By Jocelle Koh
Photos provided by JUSTLIVE 就是現場.

Yesterday night I had the pleasure of attending 龍虎門音樂節 Long Hu Men Festival, one of few (if not the only) festival in Taiwan primarily showcasing Taiwan’s local hip-hop scene. Beginning in the 1990s, Taiwan’s underground hip-hop scene has gone from strength to strength, with much of it‘s best and brightest including 蛋堡 Soft Lipa, 李英宏 aka DJ Didilong, DJ Mr Gin, 熊仔, Julia Wu 吳卓源, SmashRegz/違法, RPG, NEOSO 戴岑樺, and more in attendance at the festival.

A venue packed with youngsters who wore black caps and showed their appreciation by yelling rather than clapping (is this what the hip crowd does these days?), it was an eye-opening experience to be able to witness what I would say was a coming-of-age event for the Hip Hop scene, cementing its rise to the forefront of Taiwan’s mainstream. 

I especially appreciated the air of collaboration that seamlessly made its way through many of the performance segments; with electrifying crossover performances by Barry Chen and Bolly Soshy阮禾茜, RPG, NEOSO 戴岑樺 and Bakerie Music Productions (Hong Kong), 蛋堡 Soft Lipa and 李英宏 aka DJ Didilong and of course who could forget Julia Wu 吳卓源 and 熊仔’s amped-up performance of their hit single ‘Mybong買榜’. 

Given the back-to-back nature of the festival/concert which showcased some of the hip hop scene’s most trendy and well-known songs, it opened my eyes to the importance of collaboration in Taiwanese Hip Hop. The level of intimacy, solidarity and collaboration that is required seems to be a major driving force here; a phenomenon which has allowed for a synergetic which spreads its influence to many associated with the scene. This was best evidenced by a rousing encore where many of the performers of the night reappeared for a rousing rendition of yet another runaway hit, ‘Walk Until You Fly 走到飛’.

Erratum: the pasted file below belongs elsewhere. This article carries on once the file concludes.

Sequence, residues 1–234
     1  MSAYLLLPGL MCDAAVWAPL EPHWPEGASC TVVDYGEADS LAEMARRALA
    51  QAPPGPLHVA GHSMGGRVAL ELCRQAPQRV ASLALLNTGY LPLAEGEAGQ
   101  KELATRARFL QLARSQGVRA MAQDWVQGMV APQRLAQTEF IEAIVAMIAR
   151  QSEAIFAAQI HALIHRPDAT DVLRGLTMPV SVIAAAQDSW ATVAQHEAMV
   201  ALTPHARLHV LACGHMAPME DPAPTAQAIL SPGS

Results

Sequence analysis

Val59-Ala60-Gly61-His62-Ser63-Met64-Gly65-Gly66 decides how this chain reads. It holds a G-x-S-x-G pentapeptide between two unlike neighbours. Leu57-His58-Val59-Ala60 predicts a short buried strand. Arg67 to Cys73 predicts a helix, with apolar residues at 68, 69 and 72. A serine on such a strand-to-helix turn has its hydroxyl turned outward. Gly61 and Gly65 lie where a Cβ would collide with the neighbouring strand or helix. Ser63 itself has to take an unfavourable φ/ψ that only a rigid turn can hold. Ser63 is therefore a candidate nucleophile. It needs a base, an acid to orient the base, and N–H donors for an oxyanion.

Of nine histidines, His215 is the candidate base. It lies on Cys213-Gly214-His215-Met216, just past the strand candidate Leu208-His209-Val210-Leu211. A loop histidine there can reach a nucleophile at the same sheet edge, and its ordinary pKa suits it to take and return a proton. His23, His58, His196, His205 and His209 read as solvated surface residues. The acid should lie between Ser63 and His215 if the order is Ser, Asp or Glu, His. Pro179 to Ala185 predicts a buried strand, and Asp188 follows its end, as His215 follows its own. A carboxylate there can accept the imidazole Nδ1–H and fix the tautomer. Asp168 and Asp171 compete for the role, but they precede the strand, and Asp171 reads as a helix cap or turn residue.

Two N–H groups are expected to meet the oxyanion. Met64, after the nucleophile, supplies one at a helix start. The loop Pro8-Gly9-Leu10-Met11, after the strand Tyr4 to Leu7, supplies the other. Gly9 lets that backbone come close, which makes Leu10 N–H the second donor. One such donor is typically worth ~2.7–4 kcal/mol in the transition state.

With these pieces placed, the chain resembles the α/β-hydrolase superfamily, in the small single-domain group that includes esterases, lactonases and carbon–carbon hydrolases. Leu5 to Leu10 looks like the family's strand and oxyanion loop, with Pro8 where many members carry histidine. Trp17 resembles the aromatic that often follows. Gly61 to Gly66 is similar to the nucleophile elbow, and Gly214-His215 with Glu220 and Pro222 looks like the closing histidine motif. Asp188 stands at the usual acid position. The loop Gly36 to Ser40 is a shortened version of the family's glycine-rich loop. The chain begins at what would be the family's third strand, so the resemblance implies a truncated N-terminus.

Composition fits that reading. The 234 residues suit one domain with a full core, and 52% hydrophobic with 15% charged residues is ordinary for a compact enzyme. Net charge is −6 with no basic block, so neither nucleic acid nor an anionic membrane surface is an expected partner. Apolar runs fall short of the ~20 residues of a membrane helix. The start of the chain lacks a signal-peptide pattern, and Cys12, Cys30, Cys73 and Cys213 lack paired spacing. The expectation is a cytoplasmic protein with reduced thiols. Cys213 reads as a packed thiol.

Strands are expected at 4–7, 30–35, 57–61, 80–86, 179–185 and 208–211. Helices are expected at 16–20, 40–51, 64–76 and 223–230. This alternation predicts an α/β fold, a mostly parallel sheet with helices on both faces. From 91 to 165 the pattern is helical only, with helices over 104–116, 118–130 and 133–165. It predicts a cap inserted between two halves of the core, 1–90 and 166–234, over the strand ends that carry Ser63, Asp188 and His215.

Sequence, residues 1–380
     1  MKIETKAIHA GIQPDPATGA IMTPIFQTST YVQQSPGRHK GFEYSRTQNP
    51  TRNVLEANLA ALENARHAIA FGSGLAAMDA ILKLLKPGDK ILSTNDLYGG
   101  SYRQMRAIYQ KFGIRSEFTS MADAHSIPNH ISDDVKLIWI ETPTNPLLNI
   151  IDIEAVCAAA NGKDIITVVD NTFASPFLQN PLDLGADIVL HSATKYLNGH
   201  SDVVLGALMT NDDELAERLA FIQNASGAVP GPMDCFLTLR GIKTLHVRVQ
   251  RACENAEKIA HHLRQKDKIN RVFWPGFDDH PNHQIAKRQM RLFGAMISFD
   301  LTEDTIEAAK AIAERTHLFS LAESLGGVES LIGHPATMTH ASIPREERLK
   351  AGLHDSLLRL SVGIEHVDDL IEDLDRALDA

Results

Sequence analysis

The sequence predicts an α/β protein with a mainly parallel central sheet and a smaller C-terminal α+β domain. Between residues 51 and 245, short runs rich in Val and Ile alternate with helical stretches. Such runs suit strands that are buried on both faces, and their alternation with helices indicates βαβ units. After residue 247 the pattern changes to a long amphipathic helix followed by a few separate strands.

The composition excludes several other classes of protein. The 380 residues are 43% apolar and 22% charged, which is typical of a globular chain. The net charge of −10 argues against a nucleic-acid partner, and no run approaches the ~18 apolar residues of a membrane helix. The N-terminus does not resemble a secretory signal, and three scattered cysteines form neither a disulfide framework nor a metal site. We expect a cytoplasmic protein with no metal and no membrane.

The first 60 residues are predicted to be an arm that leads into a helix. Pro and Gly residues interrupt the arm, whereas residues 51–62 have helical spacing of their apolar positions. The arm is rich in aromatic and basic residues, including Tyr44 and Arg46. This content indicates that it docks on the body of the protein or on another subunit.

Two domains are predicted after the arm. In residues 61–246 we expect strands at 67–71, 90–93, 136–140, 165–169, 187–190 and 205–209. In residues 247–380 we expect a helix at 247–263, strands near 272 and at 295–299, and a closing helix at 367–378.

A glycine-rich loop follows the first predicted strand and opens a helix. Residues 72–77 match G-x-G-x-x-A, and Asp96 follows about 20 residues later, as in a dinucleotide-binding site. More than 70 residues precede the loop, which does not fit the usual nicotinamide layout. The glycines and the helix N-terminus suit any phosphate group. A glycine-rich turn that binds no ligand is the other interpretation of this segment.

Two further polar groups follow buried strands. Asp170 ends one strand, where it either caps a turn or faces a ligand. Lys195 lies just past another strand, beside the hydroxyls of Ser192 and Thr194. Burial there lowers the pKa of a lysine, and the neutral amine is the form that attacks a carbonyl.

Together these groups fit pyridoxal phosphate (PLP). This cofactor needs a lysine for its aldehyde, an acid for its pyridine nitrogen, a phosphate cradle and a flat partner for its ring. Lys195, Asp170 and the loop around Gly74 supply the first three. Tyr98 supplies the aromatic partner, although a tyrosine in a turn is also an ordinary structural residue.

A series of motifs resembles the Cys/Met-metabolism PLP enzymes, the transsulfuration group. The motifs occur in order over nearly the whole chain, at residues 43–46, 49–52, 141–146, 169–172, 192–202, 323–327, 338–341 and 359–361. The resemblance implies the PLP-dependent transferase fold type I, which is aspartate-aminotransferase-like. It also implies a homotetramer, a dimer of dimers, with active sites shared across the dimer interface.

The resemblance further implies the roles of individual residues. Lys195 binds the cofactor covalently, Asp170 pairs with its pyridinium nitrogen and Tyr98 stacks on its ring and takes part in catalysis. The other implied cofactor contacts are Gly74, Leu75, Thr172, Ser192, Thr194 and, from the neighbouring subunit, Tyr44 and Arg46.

Taiwan’s thriving freedom of expression lends itself well to the genre of Hip Hop, and it was also fitting that Korean rapper Woo Wonjae made his local debut at this very festival, capturing the audience’s eyes and ears with his grounded and unique delivery. 

Overall, the Long Hu Men festival was unique experience that function-wise was a little rough around the edges, but is no doubt a gem in the making. I am sure with time, it will only become more and more established as a cornerstone event for Taiwan’s hip hop scene, for it marks the beginning of a new, and extremely promising era of Hip Hop in Taiwan.